Sudden cardiac arrest or death (SCA/SCD) in athletes has a low event rate. Pre-participation or eligibility screening is a widely accepted method of primary prevention of SCA/SCD in athletes. Most European countries and international sports governing bodies perform ECG-inclusive screening. However, implementation of a resting 12-lead ECG in pre-participation or eligibility cardiac screening is still a topic of debate. Recently, the 'International recommendations for electrocardiographic interpretation in athletes' was published in three leading international medical journals...
February 1, 2018: Netherlands Heart Journal
Sofia Sunnerud, Eva Nylander, Magnus Janzon, Anna Carlén, Kristofer Hedman
Low adherence to recommended pre-participation cardiac evaluation of Swedish athletes Pre-participation cardiac evaluation of athletes is recommended by international organizations like the European Society of Cardiology and the American Heart Association, as well as by the Swedish Sports Confederation. The purpose of the evaluation is to prevent sudden cardiac death in athletes by early identification of individuals at risk. To our knowledge, no previous study has been made regarding the implementation of pre-participation cardiac evaluation of athletes in Sweden...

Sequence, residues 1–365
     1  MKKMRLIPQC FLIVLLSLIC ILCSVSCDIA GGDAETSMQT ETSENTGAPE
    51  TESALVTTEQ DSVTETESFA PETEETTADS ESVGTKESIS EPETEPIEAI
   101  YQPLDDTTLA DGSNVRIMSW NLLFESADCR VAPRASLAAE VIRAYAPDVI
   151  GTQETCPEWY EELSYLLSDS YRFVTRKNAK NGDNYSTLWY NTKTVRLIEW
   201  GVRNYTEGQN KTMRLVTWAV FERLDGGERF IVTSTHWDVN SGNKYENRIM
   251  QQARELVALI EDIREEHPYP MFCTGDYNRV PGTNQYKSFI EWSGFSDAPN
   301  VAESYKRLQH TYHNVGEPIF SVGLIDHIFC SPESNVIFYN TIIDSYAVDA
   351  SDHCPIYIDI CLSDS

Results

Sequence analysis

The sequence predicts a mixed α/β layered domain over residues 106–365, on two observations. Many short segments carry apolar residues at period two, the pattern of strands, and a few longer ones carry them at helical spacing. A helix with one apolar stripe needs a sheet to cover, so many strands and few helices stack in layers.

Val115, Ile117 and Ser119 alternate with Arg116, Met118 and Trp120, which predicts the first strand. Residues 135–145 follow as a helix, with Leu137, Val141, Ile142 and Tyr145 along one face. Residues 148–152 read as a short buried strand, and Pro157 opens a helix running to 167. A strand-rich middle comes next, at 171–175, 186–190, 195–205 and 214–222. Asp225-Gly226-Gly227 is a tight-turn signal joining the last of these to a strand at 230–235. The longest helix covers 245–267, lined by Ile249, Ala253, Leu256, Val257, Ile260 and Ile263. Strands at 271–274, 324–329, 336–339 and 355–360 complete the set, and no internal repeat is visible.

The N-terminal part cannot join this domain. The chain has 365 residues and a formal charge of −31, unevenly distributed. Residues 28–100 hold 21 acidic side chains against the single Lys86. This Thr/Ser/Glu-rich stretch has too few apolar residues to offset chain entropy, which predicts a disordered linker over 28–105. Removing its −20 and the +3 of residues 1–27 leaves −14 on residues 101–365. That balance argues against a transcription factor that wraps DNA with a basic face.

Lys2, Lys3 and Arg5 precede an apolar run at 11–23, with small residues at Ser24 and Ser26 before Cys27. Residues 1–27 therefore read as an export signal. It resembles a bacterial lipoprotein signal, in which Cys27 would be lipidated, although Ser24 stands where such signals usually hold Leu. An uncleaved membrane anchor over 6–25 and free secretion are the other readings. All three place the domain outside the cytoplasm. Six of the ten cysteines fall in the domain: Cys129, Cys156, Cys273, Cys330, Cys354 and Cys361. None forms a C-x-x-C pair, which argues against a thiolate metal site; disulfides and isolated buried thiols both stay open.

January 30, 2018: Läkartidningen
Moacir Marocolo, Julio A Silva-Neto, Octávio Barbosa Neto
Anabolic androgenic steroids are a class of synthetic compounds derived from testosterone, eventually used by athletes, to improve physical performance. However, anabolic steroids can also modify normal cardiovascular function. Thus, we investigated cardiac electrophysiological and autonomic abnormalities in rats, through a electrocardiographic variability protocol during and after interruption of administration of nandrolone decanoate (DECA)anabolic steroid. Twenty male Wistar rats (60-70 days old) received DECA (10 mg...